• Domestic Abuse Protection Notices and Domestic Abuse Protection Orders, which would allow police and courts to intervene earlier where abuse is suspected;
  • Prohibiting the cross-examination of victims by their abusers in the family courts;
  • Automatic eligibility for special measures to support more victims to give evidence in the criminal courts.

It is estimated that almost two million adults in England and Wales are victims of domestic abuse every year.

Carers of Margaret Fleming sentenced

Yesterday, the two carers of a murdered a vulnerable teenager whose body has never been found were each been ordered to spend more than 14 years in prison.

Edward Cairney (77) and Avril Jones (59) killed 19-year-old Margaret Fleming, whose learning difficulties were so complex she couldn’t manage her financial affairs, sometime between December 1999 and January 2000. Jones then continued to claim £182,000 in benefits until it finally emerged Margaret was missing in October 2016.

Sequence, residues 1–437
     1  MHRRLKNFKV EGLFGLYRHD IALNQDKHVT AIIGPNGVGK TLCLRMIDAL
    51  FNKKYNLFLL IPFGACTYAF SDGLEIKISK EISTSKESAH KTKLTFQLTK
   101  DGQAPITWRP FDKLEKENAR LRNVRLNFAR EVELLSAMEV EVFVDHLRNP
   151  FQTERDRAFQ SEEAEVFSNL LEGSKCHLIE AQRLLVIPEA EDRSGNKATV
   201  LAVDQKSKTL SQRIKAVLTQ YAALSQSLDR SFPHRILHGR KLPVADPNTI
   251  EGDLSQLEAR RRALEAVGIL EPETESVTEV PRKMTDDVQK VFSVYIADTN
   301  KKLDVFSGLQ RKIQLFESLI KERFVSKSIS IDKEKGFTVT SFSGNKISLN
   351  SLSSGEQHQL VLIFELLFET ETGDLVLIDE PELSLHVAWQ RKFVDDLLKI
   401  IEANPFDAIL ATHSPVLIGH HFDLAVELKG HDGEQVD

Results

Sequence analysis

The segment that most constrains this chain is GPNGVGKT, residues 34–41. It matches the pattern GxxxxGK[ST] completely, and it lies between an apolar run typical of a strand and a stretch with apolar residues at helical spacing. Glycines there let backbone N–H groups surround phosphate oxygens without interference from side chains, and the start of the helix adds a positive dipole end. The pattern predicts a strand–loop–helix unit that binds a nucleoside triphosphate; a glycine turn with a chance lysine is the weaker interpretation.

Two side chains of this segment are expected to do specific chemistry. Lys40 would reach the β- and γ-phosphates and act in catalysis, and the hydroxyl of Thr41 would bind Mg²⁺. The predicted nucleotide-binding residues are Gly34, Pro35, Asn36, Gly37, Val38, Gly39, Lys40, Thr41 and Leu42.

Sentencing at the High Court in Glasgow, Lord Matthews told Cairney he must serve at least 14 years. Jones, who was additionally found guilty of benefit fraud as Margaret’s benefit money (£182,000) was paid directly into her account, was also sentenced to a minimum life tariff set at 14 years. Margaret’s body has never been found and in sentencing the pair Lord Matthews told them: “Only you two know the truth. Only you know where her remains are.”